The most general answer to the "off the shelf vs. custom" question is pretty much what @robin-vessey says. Succinctly, is your product the audience you build, or is your product the technology you build? If the first, off the shelf works great (see countless valuable online publications for evidence); if the second, it probably won't long-term.
...if we were to develop a minimum viable product / proof of concept /
prototype using Drupal, other developers could own copyright to their
I think copyright is a red herring for this particular question. It boils down to this regardless of your technology: If someone besides you wrote something that you plan to sell, you must secure a right to sell it. For many libraries (I believe this is true in the Drupal community, too) that right is given freely, preemptively through license.
If we take the time to develop the proto with Drupal, add the rewrite
time and measure it against just writing a custom application, could
we come out better just writing a custom app using something like
CodeIgnitor, Zend or Rails?
Let's assume that no other variables are in play (which is a false assumption: lots of other variables are in play, such as the skillset of your team, the location in the stack of your IP, the technology you eventually migrate to, etc.): You will probably spend more time building it in Drupal and then rebuilding it elsewhere than you would if you just started elsewhere.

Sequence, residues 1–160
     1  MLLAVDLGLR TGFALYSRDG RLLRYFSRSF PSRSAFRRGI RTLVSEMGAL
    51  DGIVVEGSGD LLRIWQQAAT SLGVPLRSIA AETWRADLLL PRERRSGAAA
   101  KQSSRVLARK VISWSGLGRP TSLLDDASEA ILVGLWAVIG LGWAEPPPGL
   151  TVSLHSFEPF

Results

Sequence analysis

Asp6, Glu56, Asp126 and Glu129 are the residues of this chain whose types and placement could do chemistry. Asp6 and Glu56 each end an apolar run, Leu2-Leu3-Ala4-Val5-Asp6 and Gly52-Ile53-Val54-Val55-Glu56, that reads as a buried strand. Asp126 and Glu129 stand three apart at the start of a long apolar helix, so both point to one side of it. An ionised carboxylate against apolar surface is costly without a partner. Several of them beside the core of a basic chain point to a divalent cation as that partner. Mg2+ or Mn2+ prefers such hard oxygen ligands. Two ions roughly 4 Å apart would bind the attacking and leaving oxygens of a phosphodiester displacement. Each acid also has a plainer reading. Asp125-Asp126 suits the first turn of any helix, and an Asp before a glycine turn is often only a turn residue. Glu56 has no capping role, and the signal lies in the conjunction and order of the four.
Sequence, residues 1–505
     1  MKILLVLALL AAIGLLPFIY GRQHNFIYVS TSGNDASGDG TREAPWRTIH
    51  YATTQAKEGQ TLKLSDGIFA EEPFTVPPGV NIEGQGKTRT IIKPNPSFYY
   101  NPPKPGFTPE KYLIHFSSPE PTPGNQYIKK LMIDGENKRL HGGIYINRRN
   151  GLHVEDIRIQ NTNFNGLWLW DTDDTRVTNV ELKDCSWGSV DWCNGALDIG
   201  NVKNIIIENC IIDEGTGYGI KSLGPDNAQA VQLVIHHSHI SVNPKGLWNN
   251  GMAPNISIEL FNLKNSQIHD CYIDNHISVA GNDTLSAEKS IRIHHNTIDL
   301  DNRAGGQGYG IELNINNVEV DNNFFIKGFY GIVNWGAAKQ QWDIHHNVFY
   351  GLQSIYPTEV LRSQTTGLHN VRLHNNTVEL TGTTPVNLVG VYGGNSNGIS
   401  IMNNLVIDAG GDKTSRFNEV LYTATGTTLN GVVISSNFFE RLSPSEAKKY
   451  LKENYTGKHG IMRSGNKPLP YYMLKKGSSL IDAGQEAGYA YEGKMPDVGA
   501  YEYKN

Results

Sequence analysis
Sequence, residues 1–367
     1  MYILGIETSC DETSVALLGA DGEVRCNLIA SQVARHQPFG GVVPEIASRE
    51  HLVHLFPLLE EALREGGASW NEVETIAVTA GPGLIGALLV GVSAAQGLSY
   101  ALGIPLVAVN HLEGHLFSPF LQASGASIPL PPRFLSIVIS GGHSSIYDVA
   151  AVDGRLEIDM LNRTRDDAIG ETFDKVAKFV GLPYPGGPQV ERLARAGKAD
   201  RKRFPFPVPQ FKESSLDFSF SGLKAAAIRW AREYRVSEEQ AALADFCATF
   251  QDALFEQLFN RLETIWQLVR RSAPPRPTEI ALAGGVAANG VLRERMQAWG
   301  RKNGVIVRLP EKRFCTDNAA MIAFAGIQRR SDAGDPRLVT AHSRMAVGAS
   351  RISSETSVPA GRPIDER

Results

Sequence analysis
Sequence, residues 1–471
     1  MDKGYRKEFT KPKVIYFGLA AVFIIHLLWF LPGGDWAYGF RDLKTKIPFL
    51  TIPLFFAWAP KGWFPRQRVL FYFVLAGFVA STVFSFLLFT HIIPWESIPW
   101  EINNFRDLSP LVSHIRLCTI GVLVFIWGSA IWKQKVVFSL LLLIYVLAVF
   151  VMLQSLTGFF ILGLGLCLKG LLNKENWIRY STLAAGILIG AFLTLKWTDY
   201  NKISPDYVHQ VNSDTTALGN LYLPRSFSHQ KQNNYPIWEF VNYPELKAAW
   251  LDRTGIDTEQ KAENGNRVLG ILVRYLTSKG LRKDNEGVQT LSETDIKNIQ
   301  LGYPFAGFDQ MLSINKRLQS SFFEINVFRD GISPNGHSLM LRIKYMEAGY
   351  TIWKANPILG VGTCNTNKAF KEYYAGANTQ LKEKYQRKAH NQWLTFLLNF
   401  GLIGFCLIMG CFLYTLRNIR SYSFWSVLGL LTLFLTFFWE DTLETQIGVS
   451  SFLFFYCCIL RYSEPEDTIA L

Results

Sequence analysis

That being said, there is a strong case to be made for prototyping using the fastest possible prototyping solution, because doing so can give you rapid insight into things you can only learn from your market.
On that note, if you haven't already, consider prototyping in something even more lightweight than Drupal. Like static HTML. Or Balsamiq. Or paper. If you show the right people what you're thinking, you'll get more insight into this question and many others.
Also, by building a custom app we know the inner-workings and don't
have to reverse-engineer anything nor sift through mountains of
sometimes fragmented documentation.
Well, maybe. A custom application built on one of the frameworks you mention may require engineers to sift through mountains of something, that's for sure. I think when you're building innovative products on the web, you're going to be sifting. That's why it's important to choose tools that your engineers don't mind fighting sometimes.
A couple other quick notes that may inform this discussion:
- It can be tough to find engineers who are productive and happy jumping from a "bought" to a "built" solution. Bridging the difference between a CMS and a framework can create some real frustrating inefficiencies that many developers choose not to fight.
- While I can't recommend this from firsthand experience, since CodeIgniter is the framework underneath ExpressionEngine, and ExpressionEngine is arguably equivalent to Drupal in capabilities, you might be able to transition from bought to built that way.
- Anything you can do to avoid throwing something away wholesale may help you maximize your development dollar. If the product doesn't belong in Drupal at the end, using Drupal at the beginning means throwing away Drupal halfway through. But it sounds like your product will have some HTML, so using static HTML at the beginning might just mean coding your static HTML in your framework's views halfway through. One tool that can make this downright fun is a static site generator like Middlemanapp, especially if you're headed toward Rails.